H. D. S. Greenway, "The 'White Room' Revisited," International Herald Tribune, May 13, 2005

In nearly half a century of newspapering I have often wished I could have written a happier ending to many of the sad tales I have been told. If only the story could have turned out a little differently, I have thought. This is one story that did.

In January I wrote of an incident during the Vietnam War, told by a CIA officer named Frank Snepp, whom I knew during those last, desperate days of the old Saigon before the fall 30 years ago.

I wrote of a windowless, snow white cell in which the CIA kept for years a north Vietnamese spy named Nguyen Van Tai. Not only was Tai kept in complete isolation except for his CIA interrogators, he was kept always cold in frigid air conditioning. This was done because the CIA knew that Tai, like many Vietnamese, had a horror of being cold.

Frank Snepp was one of his interrogators, and he found Tai a tough nut to crack. In his book, "Decent Interval," Snepp wrote that the only time he ever saw a fracture in Tai's implacable facade was when Snepp mentioned Tai's family. "I cannot think about my wife and children," Tai told Snepp. "The only way I can survive this is by putting all such hope aside. Then there are no illusions or disappointments."

As the North Vietnamese were gathering for their final assault in 1975, a senior CIA official suggested that it would be useful if Tai disappeared. And, quoting from Snepp's book, I wrote that Tai was taken from his cell, put into a helicopter, and thrown out at 10,000 feet over the South China Sea.

After the war, Snepp left the CIA, but, unable to get Tai out of his mind, he traveled to Paris specifically to pass the word through the Vietnamese mission that Tai had comported himself honorably and died bravely.

But that is not how the story ends. I am grateful to the BBC's Carol Hills, who informed me that Tai, unbeknownst to Snepp, managed to talk his South Vietnamese captors into releasing him once the last of the CIA had fled Saigon 30 years ago. Tai lives and wrote his own account of his interrogation.

Hills directed me to www.cia.gov/csi/studies.html, a CIA Web site, on which I learned that the treatment of Tai at the hands of the South Vietnamese, before CIA took over, was worse than I had known. The Web site says that "they administered electric shock, beat him with clubs, poured water down his nose while his mouth was gagged, applied 'Chinese water torture,' dripping water slowly, drop by drop, on teh bridge of his nose..., and kept (him) without food or water" while he was hanging by his arms from the rafters.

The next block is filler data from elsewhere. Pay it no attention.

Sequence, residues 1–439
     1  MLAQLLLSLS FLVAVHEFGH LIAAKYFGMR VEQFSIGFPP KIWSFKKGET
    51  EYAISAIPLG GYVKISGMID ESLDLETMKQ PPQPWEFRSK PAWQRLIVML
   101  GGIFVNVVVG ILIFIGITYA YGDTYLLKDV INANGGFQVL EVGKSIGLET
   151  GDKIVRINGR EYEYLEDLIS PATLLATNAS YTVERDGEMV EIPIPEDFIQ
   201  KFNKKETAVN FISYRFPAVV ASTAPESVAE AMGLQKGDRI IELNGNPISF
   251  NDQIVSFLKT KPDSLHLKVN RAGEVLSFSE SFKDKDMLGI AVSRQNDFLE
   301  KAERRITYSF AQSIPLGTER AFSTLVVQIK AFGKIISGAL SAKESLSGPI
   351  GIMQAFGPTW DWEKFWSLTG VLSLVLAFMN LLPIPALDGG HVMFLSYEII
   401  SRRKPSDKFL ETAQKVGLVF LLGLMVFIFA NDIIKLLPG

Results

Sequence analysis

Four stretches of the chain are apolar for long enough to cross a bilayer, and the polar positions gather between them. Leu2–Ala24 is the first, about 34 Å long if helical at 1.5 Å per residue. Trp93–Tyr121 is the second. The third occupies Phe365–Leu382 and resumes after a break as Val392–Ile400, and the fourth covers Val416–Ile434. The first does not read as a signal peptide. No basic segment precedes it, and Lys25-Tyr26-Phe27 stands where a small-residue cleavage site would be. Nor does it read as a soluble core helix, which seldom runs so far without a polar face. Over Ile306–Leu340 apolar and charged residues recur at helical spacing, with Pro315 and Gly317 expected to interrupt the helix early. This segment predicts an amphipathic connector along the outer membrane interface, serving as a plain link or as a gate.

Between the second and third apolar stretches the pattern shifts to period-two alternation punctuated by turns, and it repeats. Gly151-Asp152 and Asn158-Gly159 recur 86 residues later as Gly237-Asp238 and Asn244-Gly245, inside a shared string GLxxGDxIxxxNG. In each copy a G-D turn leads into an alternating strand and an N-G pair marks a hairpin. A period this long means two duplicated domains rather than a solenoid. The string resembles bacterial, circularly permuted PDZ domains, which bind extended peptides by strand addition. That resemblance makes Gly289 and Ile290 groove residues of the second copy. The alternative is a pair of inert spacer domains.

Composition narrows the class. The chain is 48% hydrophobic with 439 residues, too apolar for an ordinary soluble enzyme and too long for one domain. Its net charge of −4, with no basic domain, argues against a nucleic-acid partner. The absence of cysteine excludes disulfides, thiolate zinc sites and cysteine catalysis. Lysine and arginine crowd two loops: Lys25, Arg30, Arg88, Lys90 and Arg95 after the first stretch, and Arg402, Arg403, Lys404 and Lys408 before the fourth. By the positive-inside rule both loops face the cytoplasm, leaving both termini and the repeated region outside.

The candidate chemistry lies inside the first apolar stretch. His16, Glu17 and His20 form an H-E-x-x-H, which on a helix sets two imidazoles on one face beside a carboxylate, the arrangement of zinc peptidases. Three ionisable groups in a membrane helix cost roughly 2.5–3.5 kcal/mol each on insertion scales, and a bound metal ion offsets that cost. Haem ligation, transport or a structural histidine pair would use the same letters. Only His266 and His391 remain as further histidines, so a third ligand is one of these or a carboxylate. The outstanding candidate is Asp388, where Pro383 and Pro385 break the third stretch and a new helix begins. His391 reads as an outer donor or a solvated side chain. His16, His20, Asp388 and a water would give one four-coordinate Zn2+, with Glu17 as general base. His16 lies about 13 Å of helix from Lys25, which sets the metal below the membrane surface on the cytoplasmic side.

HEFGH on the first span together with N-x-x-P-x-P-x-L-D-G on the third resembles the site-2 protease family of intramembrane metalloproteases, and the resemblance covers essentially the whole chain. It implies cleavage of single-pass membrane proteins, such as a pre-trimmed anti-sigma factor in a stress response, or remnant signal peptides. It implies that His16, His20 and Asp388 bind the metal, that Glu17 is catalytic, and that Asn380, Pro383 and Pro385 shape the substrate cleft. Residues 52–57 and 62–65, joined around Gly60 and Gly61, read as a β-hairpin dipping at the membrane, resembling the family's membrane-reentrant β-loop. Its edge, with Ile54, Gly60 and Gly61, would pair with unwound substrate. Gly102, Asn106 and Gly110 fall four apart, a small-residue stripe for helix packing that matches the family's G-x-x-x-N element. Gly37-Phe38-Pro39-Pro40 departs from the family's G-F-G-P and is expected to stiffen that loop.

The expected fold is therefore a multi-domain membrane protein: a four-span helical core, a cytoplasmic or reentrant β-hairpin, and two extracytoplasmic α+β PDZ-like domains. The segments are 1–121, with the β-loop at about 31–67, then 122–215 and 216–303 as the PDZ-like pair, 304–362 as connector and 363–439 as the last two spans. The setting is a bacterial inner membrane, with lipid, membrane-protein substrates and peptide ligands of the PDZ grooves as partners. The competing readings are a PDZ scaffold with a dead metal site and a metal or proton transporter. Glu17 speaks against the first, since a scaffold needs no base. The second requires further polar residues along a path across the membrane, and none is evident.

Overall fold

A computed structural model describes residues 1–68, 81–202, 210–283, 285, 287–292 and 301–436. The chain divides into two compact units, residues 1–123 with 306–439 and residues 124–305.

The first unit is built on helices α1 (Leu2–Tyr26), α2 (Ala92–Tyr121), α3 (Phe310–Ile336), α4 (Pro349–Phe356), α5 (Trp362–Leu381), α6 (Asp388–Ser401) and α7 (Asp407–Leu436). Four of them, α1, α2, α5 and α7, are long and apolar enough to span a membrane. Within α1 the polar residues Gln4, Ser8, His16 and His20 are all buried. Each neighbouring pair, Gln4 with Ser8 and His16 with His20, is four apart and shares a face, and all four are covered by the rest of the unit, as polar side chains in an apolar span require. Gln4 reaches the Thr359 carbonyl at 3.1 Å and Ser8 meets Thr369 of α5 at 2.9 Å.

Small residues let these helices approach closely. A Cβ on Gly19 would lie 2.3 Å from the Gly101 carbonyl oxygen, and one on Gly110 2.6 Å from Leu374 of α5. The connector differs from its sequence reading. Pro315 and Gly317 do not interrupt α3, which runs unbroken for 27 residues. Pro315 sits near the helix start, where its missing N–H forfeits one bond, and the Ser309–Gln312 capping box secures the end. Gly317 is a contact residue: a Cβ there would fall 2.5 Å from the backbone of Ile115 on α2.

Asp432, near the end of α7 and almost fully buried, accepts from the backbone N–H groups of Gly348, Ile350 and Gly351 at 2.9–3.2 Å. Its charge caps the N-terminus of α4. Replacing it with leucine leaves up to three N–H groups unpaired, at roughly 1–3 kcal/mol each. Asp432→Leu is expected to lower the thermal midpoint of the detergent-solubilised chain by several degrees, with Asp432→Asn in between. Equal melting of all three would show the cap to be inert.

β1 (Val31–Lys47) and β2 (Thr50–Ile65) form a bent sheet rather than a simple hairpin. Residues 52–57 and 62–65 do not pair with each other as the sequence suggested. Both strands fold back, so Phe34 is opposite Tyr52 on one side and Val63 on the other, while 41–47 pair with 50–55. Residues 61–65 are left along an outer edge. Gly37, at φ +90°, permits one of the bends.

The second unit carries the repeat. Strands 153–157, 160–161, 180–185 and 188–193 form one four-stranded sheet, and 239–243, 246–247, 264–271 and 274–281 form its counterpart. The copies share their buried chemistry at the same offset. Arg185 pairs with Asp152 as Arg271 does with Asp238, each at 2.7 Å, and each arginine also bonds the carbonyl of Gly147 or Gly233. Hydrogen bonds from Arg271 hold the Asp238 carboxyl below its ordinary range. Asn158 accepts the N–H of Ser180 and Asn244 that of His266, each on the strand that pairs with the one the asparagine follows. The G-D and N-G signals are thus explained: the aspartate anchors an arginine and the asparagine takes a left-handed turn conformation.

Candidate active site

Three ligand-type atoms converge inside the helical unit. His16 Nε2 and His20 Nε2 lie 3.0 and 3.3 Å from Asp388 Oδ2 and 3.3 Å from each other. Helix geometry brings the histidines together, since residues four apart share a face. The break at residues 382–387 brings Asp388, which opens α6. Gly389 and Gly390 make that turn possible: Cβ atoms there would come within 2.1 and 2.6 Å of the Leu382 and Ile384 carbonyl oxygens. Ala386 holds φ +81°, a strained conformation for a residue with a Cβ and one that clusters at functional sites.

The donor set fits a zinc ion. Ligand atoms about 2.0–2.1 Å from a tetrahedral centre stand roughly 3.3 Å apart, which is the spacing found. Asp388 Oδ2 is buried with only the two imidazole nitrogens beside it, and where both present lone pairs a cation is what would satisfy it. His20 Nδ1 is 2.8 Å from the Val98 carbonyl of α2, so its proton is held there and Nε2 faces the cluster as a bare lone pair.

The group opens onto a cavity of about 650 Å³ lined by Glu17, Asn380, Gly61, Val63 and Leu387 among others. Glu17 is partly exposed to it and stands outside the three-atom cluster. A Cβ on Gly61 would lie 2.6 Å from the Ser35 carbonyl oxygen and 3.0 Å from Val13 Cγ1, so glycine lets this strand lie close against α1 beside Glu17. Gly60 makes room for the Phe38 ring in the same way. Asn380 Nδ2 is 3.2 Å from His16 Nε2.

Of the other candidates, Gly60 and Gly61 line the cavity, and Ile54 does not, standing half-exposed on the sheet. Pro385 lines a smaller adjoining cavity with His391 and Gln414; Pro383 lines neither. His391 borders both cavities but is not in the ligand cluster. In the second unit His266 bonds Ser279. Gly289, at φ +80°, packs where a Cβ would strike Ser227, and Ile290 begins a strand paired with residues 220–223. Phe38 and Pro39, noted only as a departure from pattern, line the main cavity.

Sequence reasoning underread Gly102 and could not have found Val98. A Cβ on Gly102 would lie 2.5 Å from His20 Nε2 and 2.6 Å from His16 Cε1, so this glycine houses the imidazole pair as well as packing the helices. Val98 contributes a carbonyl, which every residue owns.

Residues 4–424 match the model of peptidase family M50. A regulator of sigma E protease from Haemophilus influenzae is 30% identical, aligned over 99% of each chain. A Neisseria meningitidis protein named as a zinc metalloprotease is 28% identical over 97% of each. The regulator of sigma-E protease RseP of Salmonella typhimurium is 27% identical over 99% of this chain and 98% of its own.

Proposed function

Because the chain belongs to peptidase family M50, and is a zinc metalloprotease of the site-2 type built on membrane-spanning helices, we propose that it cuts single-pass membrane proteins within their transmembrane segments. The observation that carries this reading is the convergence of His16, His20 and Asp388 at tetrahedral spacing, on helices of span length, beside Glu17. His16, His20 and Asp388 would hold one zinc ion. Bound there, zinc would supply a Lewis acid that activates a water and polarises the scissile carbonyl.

Frank Snepp did not find out that Tai survived until years later. He says today that "for me, the interrogation of Tai brought into full focus the moral ambiguity of the war. There is no question that Tai would have shot me down on the street if he'd been given a chance at the time. And I would surely have returned the favor. But face to face across the interrogation desk, the 'despicable' persona of 'our enemy' altered to reveal a deeply committed warrior enlisted in a cause he deeply felt. I could not but admire his strength, if not his ruthlessness, and wonder if his commitment might not have chastened other Americans so convinced of the righteousness of our own cause.

"Personally, the circumstances of the (CIA's) interrogation, veering so close as they did to psychological torture, eroded my own sense of certitude about my role in Vietnam," Snepp told me. "True, I always console myself that I treated Tai as well as I could. But confining Tai in that snow white room also made me realize how the war was compromising my own values. It was a catalyst to the disillusionment that would ultimately carry me out of the agency," but "I am greatly relieved that Tai was not part of the ghastly body count of that war."

The CIA Web site's account of Nguyen Van Tai affair concludes that "we as Americans must not let methods betray our goals. War is a nasty business. There is nothing wrong with a little psychological intimidation. There are limits, however, beyond which we cannot and should not go if we are to continue to call ourselves Americans."

Yet there are those high up in the current administrations who have allowed, even encouraged, the accepted limits beyond which we cannot go to slide, and the results from Guantanamo, from Afghanistan and from Abu Ghraib are more chilling than the frigid air of the white room.